Power chair use can feel like a burden. Most people I hang around don’t use a wheelchair so it makes me feel out of place. I also have to find alternate routes to get into places like restaurants and offices, which is inconvenient for all who accompany me. However, having to use a powered mobility device most of my life has helped me realize much of comfort has to do with attitude. The more you get out in the world and experience life in a power chair, the more secure you’ll be.
The level of my self-consciousness goes up and down — as do most emotions in my life — but managing it with intentionality is extremely important. If thoughts of alienation get too out of hand, you are hamstrung in your attempts to enjoy life with others.
Action and attitude go hand in hand, so you’ll need to work on both if you want to be less self-conscious in public or with friends. The words of Shia LaBeouf in his viral meme ring true here: “Just do it!” The best way to overcome these feelings is to go out into the world and experience life.
The more you can normalize being in a wheelchair, the easier it gets. However, the more you don’t interact in public, the harder it gets to overcome feelings of self-consciousness. In my case, journalism has helped me to overcome those feelings. I’m forced to interact with able-bodied individuals on a regular basis. I become so focused on my work that I forget why going out in public often stresses me out so much.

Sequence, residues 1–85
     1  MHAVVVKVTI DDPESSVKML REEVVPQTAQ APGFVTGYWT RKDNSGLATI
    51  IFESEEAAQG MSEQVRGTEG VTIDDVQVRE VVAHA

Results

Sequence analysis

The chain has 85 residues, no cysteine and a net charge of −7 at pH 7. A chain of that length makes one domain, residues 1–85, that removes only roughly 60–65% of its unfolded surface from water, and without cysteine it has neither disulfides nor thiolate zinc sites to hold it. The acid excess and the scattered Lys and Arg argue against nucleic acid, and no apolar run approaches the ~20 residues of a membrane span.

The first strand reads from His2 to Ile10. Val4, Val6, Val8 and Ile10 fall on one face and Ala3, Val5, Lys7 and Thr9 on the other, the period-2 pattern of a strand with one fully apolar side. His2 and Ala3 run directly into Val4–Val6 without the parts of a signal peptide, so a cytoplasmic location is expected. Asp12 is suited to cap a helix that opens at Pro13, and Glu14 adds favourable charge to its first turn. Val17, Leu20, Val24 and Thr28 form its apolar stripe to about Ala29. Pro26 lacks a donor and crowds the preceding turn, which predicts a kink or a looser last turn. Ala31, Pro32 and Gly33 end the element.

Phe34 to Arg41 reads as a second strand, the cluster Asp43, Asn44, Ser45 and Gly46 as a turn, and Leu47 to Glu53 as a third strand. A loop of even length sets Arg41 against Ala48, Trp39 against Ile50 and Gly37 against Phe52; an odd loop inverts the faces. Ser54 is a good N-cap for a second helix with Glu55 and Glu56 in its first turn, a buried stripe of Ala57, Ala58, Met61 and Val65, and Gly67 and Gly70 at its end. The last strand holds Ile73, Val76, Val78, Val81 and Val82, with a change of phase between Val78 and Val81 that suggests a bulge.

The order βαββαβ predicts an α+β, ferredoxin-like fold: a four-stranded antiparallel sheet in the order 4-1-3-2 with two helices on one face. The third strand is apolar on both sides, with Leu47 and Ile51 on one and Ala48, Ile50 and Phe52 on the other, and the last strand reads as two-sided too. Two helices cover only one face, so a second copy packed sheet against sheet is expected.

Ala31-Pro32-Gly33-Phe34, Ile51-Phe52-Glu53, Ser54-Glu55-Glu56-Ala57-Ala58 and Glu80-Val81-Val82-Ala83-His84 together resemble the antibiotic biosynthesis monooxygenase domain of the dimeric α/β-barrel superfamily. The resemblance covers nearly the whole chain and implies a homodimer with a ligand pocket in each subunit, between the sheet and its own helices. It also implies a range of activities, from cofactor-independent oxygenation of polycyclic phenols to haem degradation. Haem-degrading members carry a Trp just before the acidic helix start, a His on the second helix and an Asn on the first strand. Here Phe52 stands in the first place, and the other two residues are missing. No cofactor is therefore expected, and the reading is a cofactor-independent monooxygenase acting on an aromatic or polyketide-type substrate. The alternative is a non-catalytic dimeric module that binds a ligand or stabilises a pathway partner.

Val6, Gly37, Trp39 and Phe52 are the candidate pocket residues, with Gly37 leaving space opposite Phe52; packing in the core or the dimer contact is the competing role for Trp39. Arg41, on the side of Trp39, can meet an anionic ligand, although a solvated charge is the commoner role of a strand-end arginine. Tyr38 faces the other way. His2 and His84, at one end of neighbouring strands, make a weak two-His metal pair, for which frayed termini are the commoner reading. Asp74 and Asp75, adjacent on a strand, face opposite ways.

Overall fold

When I am not out in the field for a while and I stay home for too long, it’s harder to manage those feelings of self-consciousness. My tip is to try and get out in public or with friends at least couple of times a month to prevent feeling alienated from everyone.
In discussions with my friends, it’s become clear they couldn’t care less that I use a wheelchair and that they embrace the way I’m made. That just goes to show most people don’t think as much as you do about who you are or what you look like. And who cares if they do? Trying to worry about what everyone thinks is draining and it doesn’t help with achieving dreams.
I understand it’s easier said than done and, believe me, I’ve been in a place of insecurity many times. Even so, you cannot let your disease dictate the way you interact outside your home. It’s hard to feel and look different than everyone around you, but if you don’t face your self-consciousness, it will keep you from doing what you are capable of accomplishing.
Note: Muscular Dystrophy News is strictly a news and information website about the disease. It does not provide medical advice, diagnosis, or treatment. This content is not intended to be a substitute for professional medical advice, diagnosis, or treatment. Always seek the advice of your physician or another qualified health provider with any questions you may have regarding a medical condition. Never disregard professional medical advice or delay in seeking it because of something you have read on this website. The opinions expressed in this column are not those of Muscular Dystrophy News or its parent company, BioNews Services, and are intended to spark discussion about issues pertaining to muscular dystrophy.